Oct 24, 2011

6 Species Slouch Toward Endangered Status

By Elena Watts
For Reporting Texas

AUSTIN — The federal government has added six Texas species as endangered-species candidates, putting them toward the end of a long line of plants and animals awaiting a final ruling on their status.

Earlier this month the Fish and Wildlife Service added five mussels and the red-crowned parrot, native to the Rio Grande Valley, to its “warranted but precluded” list. That’s the label the service applies to species that merit protection, but must await federal funding to move them toward endangered status.

Species on the list will stay there until the wildlife service has the budget to complete their classification as endangered. Even when that happens, it’s still a long haul to preserve a species.

A green-cheeked Amazon parrot. Photo by Quinn Dombrowski via Flickr.

The red-crowned parrot is native to Mexico, according the National Audubon Society, where its range is decreasing. The population in the Rio Grande Valley has adapted to woody areas near cities. The parrot’s popularity as a cage bird has added pressure on the species.

The five mussels include the Texas fatmucket, golden orb, smooth pimpleback, Texas pimpleback and Texas fawnsfoot. The mollusks are native to the Colorado, Brazos, Trinity and lower Nueces rivers.

“Once they make the federal list, we have recovery money from Congress that is not a set amount and not enough to make huge strides,” said Brady McGee, an Austin-based biologist for the service. “Recovery is a slow process, and sometimes there is not enough money to save a species.”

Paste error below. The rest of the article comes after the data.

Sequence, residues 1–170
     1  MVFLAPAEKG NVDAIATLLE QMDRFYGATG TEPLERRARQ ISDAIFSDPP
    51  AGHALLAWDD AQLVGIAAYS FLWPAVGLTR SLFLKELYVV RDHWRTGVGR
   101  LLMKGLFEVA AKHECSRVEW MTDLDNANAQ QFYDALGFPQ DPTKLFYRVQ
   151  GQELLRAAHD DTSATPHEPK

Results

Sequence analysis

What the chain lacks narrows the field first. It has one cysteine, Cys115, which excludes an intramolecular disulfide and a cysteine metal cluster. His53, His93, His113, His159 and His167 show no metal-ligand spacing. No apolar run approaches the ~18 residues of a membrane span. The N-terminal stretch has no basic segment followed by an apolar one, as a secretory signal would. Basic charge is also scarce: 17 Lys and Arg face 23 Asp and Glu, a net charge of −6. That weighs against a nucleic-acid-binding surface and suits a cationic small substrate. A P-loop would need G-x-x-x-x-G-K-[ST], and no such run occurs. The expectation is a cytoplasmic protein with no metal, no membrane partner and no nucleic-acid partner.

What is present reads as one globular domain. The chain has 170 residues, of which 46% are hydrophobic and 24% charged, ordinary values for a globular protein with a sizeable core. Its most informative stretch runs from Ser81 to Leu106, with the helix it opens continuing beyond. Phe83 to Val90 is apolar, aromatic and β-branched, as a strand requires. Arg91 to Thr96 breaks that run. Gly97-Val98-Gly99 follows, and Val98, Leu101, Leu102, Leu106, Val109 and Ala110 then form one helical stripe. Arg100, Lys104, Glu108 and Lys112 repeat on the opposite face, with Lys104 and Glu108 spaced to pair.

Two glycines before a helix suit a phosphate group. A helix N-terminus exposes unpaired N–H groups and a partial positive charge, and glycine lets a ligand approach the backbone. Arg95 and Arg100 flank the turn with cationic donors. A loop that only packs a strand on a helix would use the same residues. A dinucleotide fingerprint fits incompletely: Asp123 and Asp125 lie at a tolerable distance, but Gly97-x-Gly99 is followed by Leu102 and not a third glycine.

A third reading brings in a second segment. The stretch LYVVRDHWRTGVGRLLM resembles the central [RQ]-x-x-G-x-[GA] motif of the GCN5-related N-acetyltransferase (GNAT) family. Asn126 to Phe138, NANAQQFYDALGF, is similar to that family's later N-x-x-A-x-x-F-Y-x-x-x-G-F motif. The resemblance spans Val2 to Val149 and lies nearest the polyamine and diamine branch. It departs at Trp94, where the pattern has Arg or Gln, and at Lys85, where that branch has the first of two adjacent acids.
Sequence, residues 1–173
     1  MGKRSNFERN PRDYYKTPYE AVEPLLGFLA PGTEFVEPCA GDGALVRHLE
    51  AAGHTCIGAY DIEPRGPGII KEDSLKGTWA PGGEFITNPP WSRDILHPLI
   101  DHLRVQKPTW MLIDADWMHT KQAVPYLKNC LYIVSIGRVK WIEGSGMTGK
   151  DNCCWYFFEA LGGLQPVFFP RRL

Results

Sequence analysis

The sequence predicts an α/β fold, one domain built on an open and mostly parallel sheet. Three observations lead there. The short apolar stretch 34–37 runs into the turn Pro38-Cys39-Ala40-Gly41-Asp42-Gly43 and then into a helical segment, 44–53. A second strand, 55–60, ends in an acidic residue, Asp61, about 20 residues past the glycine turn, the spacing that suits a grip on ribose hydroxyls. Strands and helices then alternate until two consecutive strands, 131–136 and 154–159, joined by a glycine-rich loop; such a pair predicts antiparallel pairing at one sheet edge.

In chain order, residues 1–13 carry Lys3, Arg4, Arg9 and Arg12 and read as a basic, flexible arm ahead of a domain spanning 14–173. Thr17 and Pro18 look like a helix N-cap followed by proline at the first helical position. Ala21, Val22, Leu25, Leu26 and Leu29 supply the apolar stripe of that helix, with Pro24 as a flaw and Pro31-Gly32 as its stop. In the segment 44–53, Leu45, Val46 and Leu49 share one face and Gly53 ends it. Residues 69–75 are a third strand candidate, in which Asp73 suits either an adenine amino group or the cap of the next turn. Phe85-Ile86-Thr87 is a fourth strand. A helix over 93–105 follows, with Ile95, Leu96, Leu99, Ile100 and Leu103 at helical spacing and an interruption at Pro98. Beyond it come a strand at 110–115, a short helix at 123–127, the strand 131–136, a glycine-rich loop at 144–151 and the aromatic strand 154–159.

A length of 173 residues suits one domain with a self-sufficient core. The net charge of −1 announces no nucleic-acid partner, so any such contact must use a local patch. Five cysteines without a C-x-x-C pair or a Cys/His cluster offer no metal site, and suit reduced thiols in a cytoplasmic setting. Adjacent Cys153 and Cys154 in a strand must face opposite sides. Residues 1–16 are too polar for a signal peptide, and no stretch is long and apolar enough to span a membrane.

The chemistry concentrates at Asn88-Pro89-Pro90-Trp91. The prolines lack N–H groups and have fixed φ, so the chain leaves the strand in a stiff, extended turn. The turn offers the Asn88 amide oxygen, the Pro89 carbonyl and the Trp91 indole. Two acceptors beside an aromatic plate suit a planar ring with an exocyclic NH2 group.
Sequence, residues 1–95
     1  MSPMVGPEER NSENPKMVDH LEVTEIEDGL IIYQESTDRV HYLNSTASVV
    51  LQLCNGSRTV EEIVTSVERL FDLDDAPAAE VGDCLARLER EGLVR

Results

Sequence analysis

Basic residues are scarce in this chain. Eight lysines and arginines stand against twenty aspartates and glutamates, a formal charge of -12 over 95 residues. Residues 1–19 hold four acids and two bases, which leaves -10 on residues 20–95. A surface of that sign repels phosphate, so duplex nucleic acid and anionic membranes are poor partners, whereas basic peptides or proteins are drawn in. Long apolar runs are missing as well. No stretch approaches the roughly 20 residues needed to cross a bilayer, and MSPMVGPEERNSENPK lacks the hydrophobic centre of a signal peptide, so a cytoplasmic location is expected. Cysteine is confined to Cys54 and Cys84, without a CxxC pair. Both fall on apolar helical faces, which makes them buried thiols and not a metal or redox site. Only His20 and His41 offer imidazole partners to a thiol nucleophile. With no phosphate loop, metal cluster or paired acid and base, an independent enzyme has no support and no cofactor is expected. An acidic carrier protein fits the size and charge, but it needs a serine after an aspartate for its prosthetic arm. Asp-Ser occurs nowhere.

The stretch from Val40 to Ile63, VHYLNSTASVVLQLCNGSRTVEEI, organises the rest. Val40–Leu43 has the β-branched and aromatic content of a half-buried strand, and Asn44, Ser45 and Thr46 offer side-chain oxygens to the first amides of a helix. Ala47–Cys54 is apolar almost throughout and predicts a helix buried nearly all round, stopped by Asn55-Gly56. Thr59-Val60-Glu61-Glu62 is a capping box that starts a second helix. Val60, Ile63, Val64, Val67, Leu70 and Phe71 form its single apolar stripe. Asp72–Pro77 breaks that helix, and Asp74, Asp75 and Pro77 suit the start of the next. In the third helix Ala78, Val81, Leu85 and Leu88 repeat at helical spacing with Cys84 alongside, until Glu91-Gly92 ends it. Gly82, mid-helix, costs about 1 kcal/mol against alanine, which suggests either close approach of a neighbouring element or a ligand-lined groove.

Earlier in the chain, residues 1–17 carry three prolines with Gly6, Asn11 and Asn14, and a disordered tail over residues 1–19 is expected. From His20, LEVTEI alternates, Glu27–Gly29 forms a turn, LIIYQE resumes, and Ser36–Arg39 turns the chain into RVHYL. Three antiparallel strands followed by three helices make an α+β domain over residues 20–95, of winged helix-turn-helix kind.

The parrot and mussels aren’t on the list of species subject to a recent legal settlement that requires the Fish and Wildlife Service to fast-track species that have been waiting for classification as endangered. The Georgetown salamander is among four Central Texas species moving forward under the settlement.

Over the past several months, the wildlife service rejected endangered status for three South Texas moths, the cactus pygmy owl and the Oklahoma grass-pink orchid. Service documents published in the Federal Register indicated the species weren’t sufficiently threatened, or that not enough information was available to make a judgment.

“It’s hard to say there’s a national impact or threat to a species when we don’t know anything about it,” McGee said. “Petitioners can help us out by providing more information on the species.”

Congress mandates protection of endangered species in the 1973 Endangered Species Act. More than 90 of the nation’s 1,385 endangered species are in Texas.